Authorities located the bodies downstream from the stormwater run-off before midday.
“We don’t want to see anyone lose their life. If we’ve lost one through misadventure, that would be very sad,” Queensland Police superintendent Steve Munro said.
The discovery came after a search was launched for Hughie Morton, 21, and Troy Mathieson, 23, who were allegedly last seen yesterday running away from a Dan Murphy's bottle shop they were trying to rob.
It was feared they tried to cross a fast-moving creek during their alleged escape, with some saying they saw the men being sucked into a drain.
There has been no confirmation the two bodies located this afternoon are those of Mr Morton and Mr Mathieson. Police are also yet to formally identify the two bodies.
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Bronson lost his brother Sasha, 23, and mother Sancha, 52, within five months of each other when he was just 19, and his eldest brother Brodie, 32, died at his Perth home seven years later.
Meanwhile, the streets of Townsville and its surrounding suburbs either remained entirely underwater, or left sodden as the floods began to recede, trawled by members of the Army and emergency services.
Among them was Prime Minister Scott Morrison, who said his tour of the significantly damaged areas had been confronting, but praised emergency personnel.
"As the waters recede here and we start to move from the response phase to the recovery phase, there will be big shocks for the community as we've seen this morning as they return to their homes, as they assess the damage to their homes," he said.
"Yes, there's the physical loss but there is also the mental shock and just coming to terms with it.
"To hear the stories of how people were evacuated in the middle of the night … floodwaters, dark, kids… the fact that people are safe today in Townsville I think is an extraordinary achievement."
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As today marked day 11 of the disaster, shelves in supermarkets - both in Townsville and other areas such as Bowen and Cairns that are hurriedly preparing for more wild weather – went empty.
With thousands of people still left stranded in emergency shelters and alternative accommodation, and freight produce routes cut off by rising water, the situation today was dire.
Despite that, Australian supermarket giant Woolworths chartered two planes to fly 40 tonnes of food and essential items to severely flood-affected areas.
"We focus on essential items, so produce, meat, flour to make bread, baby formula and nappies and the like - just the essential things to keep the community stocked," John O'Dea, North Queensland Woolworths Supermarkets group manager told 9News.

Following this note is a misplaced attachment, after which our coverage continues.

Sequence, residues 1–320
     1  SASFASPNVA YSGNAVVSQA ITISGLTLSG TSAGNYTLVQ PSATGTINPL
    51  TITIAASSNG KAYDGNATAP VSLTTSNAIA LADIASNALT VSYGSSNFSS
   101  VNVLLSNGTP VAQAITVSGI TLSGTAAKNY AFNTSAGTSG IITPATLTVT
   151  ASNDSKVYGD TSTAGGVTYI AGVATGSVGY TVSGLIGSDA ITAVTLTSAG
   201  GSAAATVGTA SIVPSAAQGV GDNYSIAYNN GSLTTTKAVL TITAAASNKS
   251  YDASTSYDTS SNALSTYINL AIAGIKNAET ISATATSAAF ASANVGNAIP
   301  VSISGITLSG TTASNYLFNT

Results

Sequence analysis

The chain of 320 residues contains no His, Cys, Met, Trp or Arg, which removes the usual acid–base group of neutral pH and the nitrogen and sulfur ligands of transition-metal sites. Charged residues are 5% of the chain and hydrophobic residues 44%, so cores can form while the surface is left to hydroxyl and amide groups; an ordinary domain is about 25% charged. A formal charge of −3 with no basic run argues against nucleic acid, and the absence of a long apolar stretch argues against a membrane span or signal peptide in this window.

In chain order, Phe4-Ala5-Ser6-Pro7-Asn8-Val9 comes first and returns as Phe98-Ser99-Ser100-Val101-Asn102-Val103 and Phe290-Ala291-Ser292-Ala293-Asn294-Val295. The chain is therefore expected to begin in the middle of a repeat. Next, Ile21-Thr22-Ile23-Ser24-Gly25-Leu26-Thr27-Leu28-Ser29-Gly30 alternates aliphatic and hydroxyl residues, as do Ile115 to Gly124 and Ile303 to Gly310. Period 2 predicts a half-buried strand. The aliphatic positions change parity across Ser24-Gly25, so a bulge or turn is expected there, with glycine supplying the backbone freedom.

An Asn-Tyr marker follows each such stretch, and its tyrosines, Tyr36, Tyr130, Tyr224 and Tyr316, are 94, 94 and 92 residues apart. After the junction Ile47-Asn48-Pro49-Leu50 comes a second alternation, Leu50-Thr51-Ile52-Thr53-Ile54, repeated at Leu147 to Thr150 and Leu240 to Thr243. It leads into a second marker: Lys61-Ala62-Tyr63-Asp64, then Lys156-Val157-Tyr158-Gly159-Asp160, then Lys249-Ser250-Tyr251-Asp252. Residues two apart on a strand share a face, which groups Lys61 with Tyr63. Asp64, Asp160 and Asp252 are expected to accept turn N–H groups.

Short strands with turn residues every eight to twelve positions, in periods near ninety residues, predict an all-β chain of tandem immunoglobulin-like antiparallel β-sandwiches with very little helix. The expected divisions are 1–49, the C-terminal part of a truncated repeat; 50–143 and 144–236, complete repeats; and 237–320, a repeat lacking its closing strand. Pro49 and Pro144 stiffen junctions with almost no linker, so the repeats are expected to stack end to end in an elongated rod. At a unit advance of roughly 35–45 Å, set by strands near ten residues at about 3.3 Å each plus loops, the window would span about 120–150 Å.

The planes were flown into Cairns and Townsville, with the stock immediately transported to areas where supermarket shelves have been going bare due to a high demand from in-need customers.
On top of that, a convoy of food trucks that had been held up in Bowen today rolled into Mackay, and an extra 300 tonne of necessities from both Woolworths and Coles will be brought Townsville tomorrow.
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Rex Fairbrother, 62, worked as a rigger, dogman and crane driver around Australia for 35 years before he was diagnosed with cancer and is now struggling to make ends meet. The 62-year-old has been holding up a handwritten sign on a traffic island in Cooroy, on the Sunshine Coast, since before Christmas.
Ahead of that, however, residents across Far North Queensland are still on alert for the potential of more devastation to come before the end of the week.
Tonight those warnings remain in place for Mackay, Townsville, Bowen, Ayr, Palm Island, Rollingstone, Proserpine, Collinsville, the Whitsunday Islands, and Sarina.
The message from Queensland Premier Annastacia Palaszczuk was also clear – local residents need to be patient, because urgent recovery work is being done.
"As soon as the water does start going down, we're ready to go," she told reporters today.
"We want to see the roads open as quick as possible. We want the children back into the schools, we want to make sure that the power gets connected as soon as possible and also that the phone towers get restored.
"We cannot do any of these things until it is ready to do so.
"The weather system is going to hang around the north and north-west of our state... We've had people working around the clock."
The Premier also said power has returned to about 6000 homes and almost 9000 residents have applied for personal hardship grants, particularly amid looming livestock losses linked to the wild weather.
For now though, Townsville, Bowen and the areas in between both cities remain on-edge ahead of a clean-up operation that could span weeks, if not months.
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The flood crisis in Queensland has killed 500,000 cattle and caused hundreds of millions of dollars worth of damage. But now the clouds have lifted, the extent of the deluge has been revealed.